Rare earth elements aren't actually all that rare—just hard to find in concentrations that can be mined profitably. And while they have many unique utilities, one of the big ones is in the manufacture of powerful, lightweight magnets, as found in computer hard drives. They're also useful in flat-screen monitors, jet engines, lasers, and other things in which the U.S. military takes an interest. Right now, about 95 percent of the world's supply comes from China.

Midway through 2010, however, in an effort to feed a growing appetite for gadgets at home, China slashed exports of these metals. Prices climbed. The Pentagon freaked. Rare earth elements became an issue of national security.

Just as I set out past the towering cairn of 7,280-foot-high Wind Mountain, a truck pulled up, and out came Bobby Jones, a rancher whose family has been raising cattle on Otero Mesa since his great-grandfather came through these parts in the late 1870s, just about the time when white settlers could first make a life on the mesa without fearing Apache reprisal.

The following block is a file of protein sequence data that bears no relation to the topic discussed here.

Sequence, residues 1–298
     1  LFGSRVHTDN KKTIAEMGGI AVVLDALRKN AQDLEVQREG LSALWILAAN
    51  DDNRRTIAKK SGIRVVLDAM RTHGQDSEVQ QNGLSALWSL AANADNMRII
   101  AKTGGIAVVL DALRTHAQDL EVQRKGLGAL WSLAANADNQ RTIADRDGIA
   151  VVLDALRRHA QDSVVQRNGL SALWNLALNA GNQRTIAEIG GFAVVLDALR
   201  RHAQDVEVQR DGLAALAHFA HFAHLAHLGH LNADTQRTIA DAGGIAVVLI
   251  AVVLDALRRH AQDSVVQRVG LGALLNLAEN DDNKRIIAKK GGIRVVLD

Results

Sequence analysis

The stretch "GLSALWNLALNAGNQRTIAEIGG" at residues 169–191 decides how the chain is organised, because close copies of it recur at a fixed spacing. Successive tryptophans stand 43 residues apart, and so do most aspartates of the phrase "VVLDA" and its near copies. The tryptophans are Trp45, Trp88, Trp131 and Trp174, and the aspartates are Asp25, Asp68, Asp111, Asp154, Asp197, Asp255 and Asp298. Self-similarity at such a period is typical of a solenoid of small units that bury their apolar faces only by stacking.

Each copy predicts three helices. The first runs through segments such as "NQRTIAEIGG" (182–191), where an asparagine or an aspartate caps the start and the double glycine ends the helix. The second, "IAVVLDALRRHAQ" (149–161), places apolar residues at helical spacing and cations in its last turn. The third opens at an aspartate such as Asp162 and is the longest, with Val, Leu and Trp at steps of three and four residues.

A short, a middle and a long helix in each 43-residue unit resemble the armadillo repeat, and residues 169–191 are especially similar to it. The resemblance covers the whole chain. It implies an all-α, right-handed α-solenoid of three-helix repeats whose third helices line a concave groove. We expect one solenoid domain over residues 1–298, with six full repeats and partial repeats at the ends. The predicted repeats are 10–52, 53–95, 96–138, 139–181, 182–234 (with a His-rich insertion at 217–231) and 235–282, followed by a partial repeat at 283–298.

Jones, who is 60 years old and resembles the Marlboro Man, has had 10 years' experience fighting oil and gas drilling. But now, he said, he felt caught between two 800-pound gorillas. In April 2011, a year after China kinked the hose on rare earth exports, Colorado congressman Mike Coffman introduced a bill designed to increase domestic mining of rare earth elements. That same month, the Colorado-based Geovic Mining Corporation announced that it had finished staking out five square miles of mining claims near the Cornudas Mountains.